Strategy: Corporate Jargon or Competitive Advantage?

The stories are hidden in your business data
June 3, 2020
Leadership styles and organizational behavior
June 17, 2020

More than ever, businesses need to get their strategy right. The strategic management process is an approach to business which dictates everything from planning to execution and ensures that strategic thinking is at the forefront of all operations. Predicting the future is a risky business that can ruin your career or business. The fear of the unknown moves managers to rather choose lower risk over increased odds to be successful. It seems that true strategy is becoming more about increasing the stakes and making hard decisions; it seems strategy making is becoming an uncomfortable zone.

So before you can consider how, where, or when your employees will be working, you have to start with the question “to what end?” That’s your destination. You have to set a clear destination for your strategy.

From here on, a common mistake usually takes place: strategy is seen as merely putting some plans that is dictated by cost, into action. Starting with a destination allows you to get out of your current world and start expanding your thinking. Continuing from there it would be best to establish the value of your company by asking yourself how you add to the experience of the end user. If you can’t precisely identify what value you add and deliver on it, it’s going to be hard to sell your future strategy. Success necessitates progression – so, start thinking about what worked, what could be improved, and what could change or be done in more innovative ways.

At the end of 2021, we find ourselves in an ongoing pandemic on the cusp of a fourth wave. Therefore, it is vital that what business strategy you are looking to create or revise that it takes and continues to take into account both the direct and indirect effects of Covid-19.

More so, organisations that have yet to complete their digital transformation should do so in light of continuing and increasing digital transactions. While the world may seem to be “returning to normal” for now, the future is all but certain to be one that happens online.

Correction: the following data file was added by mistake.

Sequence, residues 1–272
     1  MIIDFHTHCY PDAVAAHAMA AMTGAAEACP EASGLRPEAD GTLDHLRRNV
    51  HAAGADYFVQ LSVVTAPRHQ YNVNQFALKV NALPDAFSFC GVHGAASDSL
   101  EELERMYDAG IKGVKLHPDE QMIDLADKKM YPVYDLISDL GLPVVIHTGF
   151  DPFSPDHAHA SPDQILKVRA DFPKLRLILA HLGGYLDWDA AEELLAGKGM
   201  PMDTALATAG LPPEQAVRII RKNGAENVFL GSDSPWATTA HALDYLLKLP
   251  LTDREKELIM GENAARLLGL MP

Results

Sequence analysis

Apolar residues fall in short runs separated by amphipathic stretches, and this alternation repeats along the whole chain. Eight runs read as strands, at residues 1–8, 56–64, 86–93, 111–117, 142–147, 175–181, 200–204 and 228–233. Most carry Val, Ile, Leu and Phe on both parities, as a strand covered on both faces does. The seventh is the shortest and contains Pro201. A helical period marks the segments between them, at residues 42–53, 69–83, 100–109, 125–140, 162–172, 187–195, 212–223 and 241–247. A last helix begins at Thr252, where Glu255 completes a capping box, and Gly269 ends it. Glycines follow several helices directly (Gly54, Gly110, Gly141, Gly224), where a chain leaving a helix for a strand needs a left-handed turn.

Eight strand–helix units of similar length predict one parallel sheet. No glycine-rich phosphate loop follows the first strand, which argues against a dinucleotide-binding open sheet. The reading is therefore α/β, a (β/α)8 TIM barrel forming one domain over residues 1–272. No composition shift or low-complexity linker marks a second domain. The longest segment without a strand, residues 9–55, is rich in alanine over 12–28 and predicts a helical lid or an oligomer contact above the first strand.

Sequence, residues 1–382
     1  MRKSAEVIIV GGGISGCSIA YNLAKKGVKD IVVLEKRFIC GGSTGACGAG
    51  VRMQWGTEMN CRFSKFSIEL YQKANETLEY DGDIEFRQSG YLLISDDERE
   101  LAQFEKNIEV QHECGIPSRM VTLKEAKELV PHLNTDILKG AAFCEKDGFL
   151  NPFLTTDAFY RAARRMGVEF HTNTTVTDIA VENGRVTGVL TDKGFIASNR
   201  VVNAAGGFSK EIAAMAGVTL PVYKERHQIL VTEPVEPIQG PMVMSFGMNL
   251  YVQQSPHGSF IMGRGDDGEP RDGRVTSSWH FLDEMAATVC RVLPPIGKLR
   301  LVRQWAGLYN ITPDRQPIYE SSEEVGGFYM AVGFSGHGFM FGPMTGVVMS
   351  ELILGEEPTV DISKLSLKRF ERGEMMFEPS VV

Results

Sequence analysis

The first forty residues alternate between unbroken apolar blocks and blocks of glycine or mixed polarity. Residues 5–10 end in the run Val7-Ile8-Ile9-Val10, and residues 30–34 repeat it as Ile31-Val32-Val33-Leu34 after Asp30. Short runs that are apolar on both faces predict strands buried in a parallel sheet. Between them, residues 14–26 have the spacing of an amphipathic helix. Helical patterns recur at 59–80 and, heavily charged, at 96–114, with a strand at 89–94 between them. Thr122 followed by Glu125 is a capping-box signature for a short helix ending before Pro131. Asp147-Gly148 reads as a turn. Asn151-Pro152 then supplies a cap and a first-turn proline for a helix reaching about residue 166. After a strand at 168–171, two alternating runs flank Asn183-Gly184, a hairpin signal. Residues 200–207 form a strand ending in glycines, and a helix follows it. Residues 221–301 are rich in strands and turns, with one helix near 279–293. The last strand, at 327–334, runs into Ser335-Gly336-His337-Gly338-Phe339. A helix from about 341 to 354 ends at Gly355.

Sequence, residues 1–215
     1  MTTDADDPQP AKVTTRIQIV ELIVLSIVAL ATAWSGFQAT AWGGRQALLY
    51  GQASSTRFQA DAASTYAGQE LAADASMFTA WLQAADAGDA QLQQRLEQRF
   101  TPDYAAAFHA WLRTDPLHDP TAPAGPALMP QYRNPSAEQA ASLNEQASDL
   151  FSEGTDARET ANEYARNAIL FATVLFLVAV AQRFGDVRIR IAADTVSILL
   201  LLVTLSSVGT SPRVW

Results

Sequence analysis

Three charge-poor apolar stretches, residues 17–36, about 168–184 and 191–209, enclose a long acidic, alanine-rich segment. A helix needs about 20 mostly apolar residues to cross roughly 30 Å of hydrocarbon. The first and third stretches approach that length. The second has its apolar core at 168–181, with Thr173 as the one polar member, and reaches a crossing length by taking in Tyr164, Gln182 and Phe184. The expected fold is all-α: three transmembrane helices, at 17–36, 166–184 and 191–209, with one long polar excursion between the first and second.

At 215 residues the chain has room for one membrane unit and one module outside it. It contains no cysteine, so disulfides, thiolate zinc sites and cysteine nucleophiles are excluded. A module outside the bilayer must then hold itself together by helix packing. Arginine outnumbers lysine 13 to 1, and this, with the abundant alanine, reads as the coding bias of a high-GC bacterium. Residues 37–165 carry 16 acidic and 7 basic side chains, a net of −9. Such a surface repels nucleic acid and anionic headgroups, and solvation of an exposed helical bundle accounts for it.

Both domestic and global economies continue to look fragile and hence, it would be only appropriate to prepare for the worst case scenario due to the ongoing uncertainty, market fluctuation and volatility.

In 2020, businesses had to be able to reach their customers at home if they wanted their attention. In 2021, customers were more eager than ever to get out of the house and head to businesses directly. Which of these routes is more likely for 2022? What about the 2020s in general? How can businesses expect to cope with the uncertainty of consumer behaviour?

Social media usage is booming across all platforms. However, that doesn’t mean you can just post-traditional content and expect higher levels of engagement than before. As users grow, social media trends and practices evolve. The posts that accrued big engagement in 2019/2020 will probably not make the same kind of impression in 2022.

Another important consideration is that of your employees. It’s not just consumers and markets who have had their trajectories changed by the past year. Your employees have likely undergone a few changes themselves. Quality of life is increasingly privileged over big salaries and flexible work over traditional office setups.

In recent weeks we have noted how foreign countries have closed their borders to South Africa due to fears of transmission of the mutant variant of Covid. In turn, it would be wise of you to not to abandon your local operations in the hopes that your business’s horizons will broaden in the near future. Instead, continue to nurture any and all existing customer relationships. And, do so while waiting for a good time to begin expansion further afield.

Managers find it safer to supervise planning than to inspire strategic choices to implement.

Rules to apply for strategy making and execution

Let me know what your thoughts are on strategy making. Tell me more about your successes, failures, and lessons learned.

Next week we are addressing the importance of leadership in organizations.

Cheers!

Jeanie

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